LONDON A hip-hop festival in a trailer park?
The inaugural Dedbeat Weekender, a sold-out festival held this past Friday through Sunday two hours northeast of London in Great Yarmouth, married of the exotic and the mundane. It also proved that independence and innovation not a single corporate sponsor was tapped, and advertising was non-existent are viable options for large-scale events that can also create a unique concert-going experience.
The cozy atmosphere of Vauxhall Holiday Park, a summer resort in this seaside town reopened for the occasion, lent a distinctly British feel to the festival, which hosted a crowd of 2,000.
With a lineup stocked with live sets by Aphex Twin, Big Daddy Kane, Andrew Weatherall, the Pharcyde, Jeru the Damaja, Hefner, Red Snapper and more than 50 DJs, the three days were jammed with top names in hip-hop and electronic music. Sound wasn't the only source of joy at the Dedbeat, however, as the admission price included four-star "chalet" accommodations, while outdoor entertainment on the grounds featured such distinct offerings as maggot racing and ten-pin bowling.
"Years ago, festivals were low-key events. Glastonbury used to be about people going to a field and bringing instruments along," said Mat Carter, one of the Weekend's organizers. In the past decade, with festivals, especially in Europe, growing more massive and more commercially oriented, Carter and his friend Sam Reid decided to create one of their own.
"We found ourselves whining so much about them that we decided to go back and do something ourselves: a festival based on our sort of music in a holiday park."
Indeed, the summer trip to the holiday park a sort of all-inclusive "luxury" trailer park, complete with amenities such as supermarkets and gyms, located in coastal towns around the country is a staple of British family life.
The spirit of the weekend certainly distinguished the Dedbeat from other British festivals, but the music, too, was on another plane. Aphex Twin's (born Richard D. James) set produced the digital cacophony of often strident sound for which he has shown an affinity in recent years. With no visual accompaniment, James lay down on his stomach behind a fake palm tree, invisible to the packed audience, and triggered sounds from a laptop on the staqe floor.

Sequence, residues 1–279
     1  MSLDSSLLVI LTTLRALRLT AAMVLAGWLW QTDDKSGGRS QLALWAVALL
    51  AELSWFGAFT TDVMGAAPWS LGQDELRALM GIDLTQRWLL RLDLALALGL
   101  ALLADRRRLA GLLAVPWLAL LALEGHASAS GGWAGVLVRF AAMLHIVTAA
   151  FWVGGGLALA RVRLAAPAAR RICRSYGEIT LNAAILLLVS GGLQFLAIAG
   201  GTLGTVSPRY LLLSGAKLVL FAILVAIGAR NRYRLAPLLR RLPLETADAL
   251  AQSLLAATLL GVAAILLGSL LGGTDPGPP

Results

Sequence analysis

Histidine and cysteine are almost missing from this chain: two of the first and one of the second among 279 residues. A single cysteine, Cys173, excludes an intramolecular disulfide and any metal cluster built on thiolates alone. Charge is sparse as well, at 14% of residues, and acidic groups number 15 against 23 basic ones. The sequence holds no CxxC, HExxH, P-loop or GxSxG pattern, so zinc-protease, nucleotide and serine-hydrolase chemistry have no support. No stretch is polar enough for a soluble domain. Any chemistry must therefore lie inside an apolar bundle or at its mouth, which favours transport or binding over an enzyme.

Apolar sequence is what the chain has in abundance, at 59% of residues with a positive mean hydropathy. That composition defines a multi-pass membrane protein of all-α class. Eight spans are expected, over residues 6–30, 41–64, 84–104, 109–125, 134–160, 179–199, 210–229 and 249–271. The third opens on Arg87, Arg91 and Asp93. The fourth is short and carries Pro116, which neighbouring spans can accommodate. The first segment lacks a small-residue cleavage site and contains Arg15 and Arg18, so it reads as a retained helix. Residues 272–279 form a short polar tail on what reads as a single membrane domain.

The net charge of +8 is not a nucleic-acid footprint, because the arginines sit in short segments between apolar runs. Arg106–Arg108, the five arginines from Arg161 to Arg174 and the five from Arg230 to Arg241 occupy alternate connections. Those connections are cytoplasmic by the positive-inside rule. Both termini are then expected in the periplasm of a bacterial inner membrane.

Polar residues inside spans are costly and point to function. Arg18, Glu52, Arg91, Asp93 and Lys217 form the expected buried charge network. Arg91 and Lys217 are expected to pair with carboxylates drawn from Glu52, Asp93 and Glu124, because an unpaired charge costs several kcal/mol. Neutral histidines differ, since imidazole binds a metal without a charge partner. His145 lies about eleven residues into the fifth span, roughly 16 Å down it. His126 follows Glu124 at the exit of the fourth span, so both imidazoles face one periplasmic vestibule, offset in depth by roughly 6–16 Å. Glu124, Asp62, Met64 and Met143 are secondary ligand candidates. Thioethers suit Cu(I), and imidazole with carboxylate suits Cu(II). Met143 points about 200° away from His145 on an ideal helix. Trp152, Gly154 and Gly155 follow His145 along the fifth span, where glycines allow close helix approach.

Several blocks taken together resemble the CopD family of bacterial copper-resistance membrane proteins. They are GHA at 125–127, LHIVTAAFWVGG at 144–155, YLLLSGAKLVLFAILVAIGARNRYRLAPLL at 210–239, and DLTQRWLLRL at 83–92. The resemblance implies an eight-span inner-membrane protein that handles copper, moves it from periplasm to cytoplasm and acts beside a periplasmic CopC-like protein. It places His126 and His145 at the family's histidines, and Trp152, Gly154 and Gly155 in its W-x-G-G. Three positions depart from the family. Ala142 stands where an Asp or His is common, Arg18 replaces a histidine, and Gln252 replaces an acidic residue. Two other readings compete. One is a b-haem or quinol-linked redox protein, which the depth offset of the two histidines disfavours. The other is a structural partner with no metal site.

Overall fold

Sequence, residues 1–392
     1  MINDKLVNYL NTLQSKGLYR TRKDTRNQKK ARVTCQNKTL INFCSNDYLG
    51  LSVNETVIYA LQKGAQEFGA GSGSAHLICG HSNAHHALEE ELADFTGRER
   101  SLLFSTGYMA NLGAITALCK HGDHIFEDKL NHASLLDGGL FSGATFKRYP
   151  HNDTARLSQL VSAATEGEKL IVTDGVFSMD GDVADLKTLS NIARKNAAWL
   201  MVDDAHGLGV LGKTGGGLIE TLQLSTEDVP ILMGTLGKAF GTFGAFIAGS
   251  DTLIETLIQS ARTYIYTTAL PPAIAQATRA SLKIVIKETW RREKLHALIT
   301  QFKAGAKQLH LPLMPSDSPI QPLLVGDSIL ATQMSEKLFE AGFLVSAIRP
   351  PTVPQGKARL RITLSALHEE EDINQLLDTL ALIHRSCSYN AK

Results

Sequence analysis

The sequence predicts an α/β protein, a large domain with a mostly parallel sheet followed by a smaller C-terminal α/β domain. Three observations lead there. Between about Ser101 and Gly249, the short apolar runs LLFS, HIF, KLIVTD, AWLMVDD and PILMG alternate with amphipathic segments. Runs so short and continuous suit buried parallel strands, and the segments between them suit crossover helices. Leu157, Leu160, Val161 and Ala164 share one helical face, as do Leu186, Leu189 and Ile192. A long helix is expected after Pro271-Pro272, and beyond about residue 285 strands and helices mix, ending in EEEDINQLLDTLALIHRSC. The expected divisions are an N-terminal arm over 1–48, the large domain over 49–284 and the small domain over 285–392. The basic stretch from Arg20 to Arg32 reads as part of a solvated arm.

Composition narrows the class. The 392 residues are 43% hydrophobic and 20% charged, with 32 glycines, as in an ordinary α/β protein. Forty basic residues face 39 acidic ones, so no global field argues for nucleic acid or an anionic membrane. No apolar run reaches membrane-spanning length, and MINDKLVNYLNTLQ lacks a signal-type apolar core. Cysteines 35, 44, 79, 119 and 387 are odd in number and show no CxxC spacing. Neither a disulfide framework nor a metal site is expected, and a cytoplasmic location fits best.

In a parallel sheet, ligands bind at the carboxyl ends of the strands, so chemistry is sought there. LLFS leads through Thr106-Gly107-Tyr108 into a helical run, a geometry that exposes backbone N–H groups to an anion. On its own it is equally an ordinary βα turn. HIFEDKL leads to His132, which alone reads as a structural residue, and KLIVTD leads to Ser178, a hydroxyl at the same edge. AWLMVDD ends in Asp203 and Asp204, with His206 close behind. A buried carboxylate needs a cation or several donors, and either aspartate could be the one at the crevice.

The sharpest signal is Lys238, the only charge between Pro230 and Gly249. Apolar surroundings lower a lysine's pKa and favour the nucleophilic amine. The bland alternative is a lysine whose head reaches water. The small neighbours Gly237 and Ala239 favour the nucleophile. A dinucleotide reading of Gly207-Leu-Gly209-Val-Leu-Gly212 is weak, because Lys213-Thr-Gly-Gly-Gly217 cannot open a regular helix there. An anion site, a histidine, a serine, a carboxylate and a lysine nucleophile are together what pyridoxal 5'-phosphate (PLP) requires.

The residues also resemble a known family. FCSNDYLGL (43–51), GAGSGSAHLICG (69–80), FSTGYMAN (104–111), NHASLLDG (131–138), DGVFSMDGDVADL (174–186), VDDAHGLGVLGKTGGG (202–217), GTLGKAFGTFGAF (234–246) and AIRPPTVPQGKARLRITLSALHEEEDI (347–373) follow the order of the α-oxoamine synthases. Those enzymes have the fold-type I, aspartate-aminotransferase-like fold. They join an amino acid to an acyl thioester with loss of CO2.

On the other end of the crowd-pleasing spectrum, Hefner (the producer Lee Jones, not the English band) replicated tracks from his recent debut, Residue, with a five-piece band that included a drummer, keyboardist and bassist, as well as a singer, Josie, who was one of the Dedbeat's few female performers. Through his iBook, Jones fluidly mixed between songs, ingeniously incorporating elements of a DJ set, with each cut accompanied by a corresponding video projected behind the band that culled footage from Motown '60s artists such as the Four Tops.
The peaceful crowd was exuberant throughout the festival, especially on Saturday night during the call-and-response hours in the hip-hop ballroom, where hands were in the air for hours on end and the dance floor overflowed with enthusiasts. London hip-hop producer/rapper Roots Manuva, slow-beat maestro DJ Vadim (joined by his Russian Percussion outfit), Mr. Thing, human beat-box Kela, MC First Rate and Big Daddy Kane all appeared back-to-back in a beguiling display of underground hip-hop from over the years.
"I was intrigued by the idea of having a whole room of hip-hop next to an electronic room on a holiday camp in the middle of nowhere, away from London," said festival-goer Karen Pearson, a 22-year-old assistant producer of Gilles Peterson's world-famous weekly BBC radio show, "Worldwide." "When I first arrived I was pretty skeptical, it reminded me of a school disco. But when the weekend kicked off, the atmosphere totally changed."